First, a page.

Now, let’s imagine that it’s a few months later and I still haven’t required any real payment for the car. You see me again and, knowing that you owe me $14,850, you try to avoid me. But I make the effort and walk over to you, call out your name and begin a conversation. And as we talk, I say, “Hey, I’ve got a lot of things I want to chat with you about, but first, I wanted to let you know that you don’t owe me anything for the car.” Of course, you would be flabbergasted! What had changed my mind?
Well, the truth is that nothing changed my mind. I actually always intended on giving you the car. The only reason I gave you a price in the first place was so that you would understand that what you were receiving was of value. The only reason I asked for the $150 was because I knew that if I told you I was giving you the car, you would never accept it. In other words, your accepted paradigm was that of a financial transaction, so I created one for you. I didn’t need the $150. As a matter of fact, I had already returned the $150 to you multiple times over in ways that you simply didn’t notice. Are you getting the picture?
In this example, my motives never changed and my plan never changed – only your perception changed. And so I think it is with the people of Israel (and with us). That is why reading the Bible in it’s entirety is so critically important! What we read here in Leviticus about all these sacrifices is just the beginning of the story. God is giving us the Blue Book value of our sins and asking for a little down payment – one that, like the $150 for the $15,000 car, pails in comparison to the actual price. It’s not the whole story. It’s just one chapter.
In that case, I guess we’ll have to keep reading…
As with just about every day, there’s a lot packed into today’s reading. However, there were two parts that really jumped out to me and they both follow a similar theme. First, there is the “atonement money” that God requires every person to pay. Second, there is this conversation between Moses and the Lord where Moses asks God to forgive the Israelites for worshiping the golden calf. Both, I think, demonstrate a fundamental truth about the value of each individual – a truth that God first taught Noah and then, Noah articulated back to God.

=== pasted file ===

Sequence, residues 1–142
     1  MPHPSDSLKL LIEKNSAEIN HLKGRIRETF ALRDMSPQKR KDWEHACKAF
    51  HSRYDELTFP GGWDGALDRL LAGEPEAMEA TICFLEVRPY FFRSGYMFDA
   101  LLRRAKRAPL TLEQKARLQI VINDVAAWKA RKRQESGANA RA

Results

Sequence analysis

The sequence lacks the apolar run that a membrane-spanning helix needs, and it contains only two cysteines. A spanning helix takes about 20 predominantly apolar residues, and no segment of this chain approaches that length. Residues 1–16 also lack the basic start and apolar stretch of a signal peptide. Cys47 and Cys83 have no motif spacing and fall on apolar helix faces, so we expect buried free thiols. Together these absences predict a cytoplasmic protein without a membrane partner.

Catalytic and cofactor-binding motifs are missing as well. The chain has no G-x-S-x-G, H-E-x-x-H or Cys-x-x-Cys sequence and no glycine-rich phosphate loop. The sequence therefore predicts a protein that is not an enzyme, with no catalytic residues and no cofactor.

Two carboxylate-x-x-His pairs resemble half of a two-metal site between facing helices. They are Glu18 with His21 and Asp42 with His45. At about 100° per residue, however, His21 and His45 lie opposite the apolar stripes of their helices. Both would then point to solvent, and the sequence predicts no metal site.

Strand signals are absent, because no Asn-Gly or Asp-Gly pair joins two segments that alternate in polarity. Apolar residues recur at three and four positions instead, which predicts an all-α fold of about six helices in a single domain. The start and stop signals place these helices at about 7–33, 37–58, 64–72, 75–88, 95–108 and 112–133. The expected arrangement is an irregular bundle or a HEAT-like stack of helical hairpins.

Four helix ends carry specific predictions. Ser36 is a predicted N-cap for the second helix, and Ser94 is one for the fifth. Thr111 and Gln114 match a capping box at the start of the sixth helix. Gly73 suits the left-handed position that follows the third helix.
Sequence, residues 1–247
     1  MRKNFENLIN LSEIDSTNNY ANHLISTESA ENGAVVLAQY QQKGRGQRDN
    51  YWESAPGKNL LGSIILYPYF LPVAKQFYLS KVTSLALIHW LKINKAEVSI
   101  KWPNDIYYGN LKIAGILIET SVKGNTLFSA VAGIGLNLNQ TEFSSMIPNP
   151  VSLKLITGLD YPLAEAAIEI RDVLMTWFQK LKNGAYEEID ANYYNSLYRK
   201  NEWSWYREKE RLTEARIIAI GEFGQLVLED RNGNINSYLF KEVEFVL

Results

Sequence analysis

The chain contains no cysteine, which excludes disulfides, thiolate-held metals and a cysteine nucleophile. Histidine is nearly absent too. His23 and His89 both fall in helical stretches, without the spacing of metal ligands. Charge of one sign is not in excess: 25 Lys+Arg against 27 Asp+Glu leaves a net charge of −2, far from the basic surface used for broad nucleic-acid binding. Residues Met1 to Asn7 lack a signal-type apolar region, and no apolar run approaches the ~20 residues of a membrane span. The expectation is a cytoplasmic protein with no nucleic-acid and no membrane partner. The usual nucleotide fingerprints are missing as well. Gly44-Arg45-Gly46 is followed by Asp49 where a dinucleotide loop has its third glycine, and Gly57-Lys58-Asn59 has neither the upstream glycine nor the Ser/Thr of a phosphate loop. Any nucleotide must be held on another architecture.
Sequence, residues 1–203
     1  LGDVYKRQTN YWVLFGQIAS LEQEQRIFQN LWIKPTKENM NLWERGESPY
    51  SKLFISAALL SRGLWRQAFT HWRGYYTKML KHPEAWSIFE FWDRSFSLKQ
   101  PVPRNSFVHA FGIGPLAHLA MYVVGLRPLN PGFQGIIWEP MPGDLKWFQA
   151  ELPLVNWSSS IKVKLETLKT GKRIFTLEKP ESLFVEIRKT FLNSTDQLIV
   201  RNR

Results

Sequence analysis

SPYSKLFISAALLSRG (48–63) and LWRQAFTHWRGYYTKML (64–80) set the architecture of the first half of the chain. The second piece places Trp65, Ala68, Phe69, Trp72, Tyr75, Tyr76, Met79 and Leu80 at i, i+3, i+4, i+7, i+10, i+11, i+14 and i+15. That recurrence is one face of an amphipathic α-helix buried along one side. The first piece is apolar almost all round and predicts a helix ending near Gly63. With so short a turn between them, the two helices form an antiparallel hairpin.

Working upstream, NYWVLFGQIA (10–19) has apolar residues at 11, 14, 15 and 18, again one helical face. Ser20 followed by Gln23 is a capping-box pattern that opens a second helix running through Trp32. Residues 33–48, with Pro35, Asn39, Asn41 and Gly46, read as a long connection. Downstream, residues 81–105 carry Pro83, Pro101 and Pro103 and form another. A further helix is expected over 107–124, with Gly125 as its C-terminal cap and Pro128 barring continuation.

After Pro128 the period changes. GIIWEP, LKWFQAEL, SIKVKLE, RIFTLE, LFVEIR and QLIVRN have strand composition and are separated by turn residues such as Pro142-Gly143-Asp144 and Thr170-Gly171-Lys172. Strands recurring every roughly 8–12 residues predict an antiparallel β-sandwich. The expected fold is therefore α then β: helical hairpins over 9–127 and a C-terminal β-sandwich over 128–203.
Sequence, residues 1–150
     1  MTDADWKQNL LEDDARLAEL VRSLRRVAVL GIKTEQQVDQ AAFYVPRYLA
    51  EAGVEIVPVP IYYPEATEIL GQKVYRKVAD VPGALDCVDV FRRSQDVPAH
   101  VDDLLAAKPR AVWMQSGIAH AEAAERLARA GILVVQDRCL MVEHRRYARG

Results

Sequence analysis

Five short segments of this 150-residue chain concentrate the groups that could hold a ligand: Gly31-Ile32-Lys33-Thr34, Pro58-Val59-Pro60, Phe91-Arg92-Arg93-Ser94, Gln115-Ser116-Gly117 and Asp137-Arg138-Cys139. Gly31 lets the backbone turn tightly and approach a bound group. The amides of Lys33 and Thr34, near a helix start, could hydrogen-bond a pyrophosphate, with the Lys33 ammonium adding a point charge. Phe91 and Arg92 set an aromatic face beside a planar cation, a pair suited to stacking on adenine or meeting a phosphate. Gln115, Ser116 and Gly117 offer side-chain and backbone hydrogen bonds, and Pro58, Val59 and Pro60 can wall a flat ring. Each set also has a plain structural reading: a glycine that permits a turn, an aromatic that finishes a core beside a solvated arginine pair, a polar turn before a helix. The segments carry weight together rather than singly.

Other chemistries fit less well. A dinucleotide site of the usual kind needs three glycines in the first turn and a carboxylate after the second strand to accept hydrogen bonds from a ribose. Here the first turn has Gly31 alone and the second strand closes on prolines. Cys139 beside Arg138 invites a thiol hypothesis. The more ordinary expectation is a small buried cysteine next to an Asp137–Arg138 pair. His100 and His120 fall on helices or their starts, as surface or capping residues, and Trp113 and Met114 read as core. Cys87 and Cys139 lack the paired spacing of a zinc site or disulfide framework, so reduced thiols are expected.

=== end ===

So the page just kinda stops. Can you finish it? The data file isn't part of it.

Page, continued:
Let’s take a look at the atonement money. The purpose of this money was to offer a “ransom” for the life of each individual. Clearly, this has some prophetic undertones as Jesus would pay the ultimate ransom for us and would be the ultimate atonement. However, I think there’s something interesting about this passage. God requires that everyone is to give one half shekel. And he specifically says that the rich are to give no more than a half shekel and the poor are to give no less.
Now, whenever God and money are combined in the Bible, most people immediately believe that the passage must be a commentary on church giving, tithing, etc. In this case, though, I don’t think that’s the point at all. In fact, when you read through the rest of scripture, you see that God typically does require more from those who have more and often lessens the giving requirements for those who are poor. So what’s going on here?
Well, remember that we’re talking about a ransom or atonement. That is, a sum of money paid in exchange for someone’s life. What’s a life worth? Whatever the person who saves your life says it’s worth. In this case, God tells the people that they are to pay one half shekel as a ransom for each life. But what is God going to do with a half shekel? He doesn’t need the money! What he does need is that for the people to understand that their lives have value and that no one person’s life is more valuable than another. The lives of the rich aren’t worth more than the lives of the poor or vice versa. This is a lesson in the value of a life, not a story about tithing or church giving.
This same lesson, then, is obviously learned and articulated by Moses when he says to God in chapter 32, verses 31 & 32:
“Oh, what a great sin these people have committed! They have made themselves gods of gold. But now, please forgive their sin—but if not, then blot me out of the book you have written.”
Moses here is essentially telling God that his life (or more accurately, his soul or his existence) is not any more valuable than anyone else’s. If they aren’t going to be forgiven – if they’re going to be rejected by God – then Moses doesn’t want to be accepted by him either. It’s a reminder that we’re all in this boat together – that God interacts with humanity as a whole as well as individuals. And it’s a reminder that you are worth the same as me and the same as the poorest of the poor and the richest of the rich. And, ultimately, Jesus would pay the same price for all of us.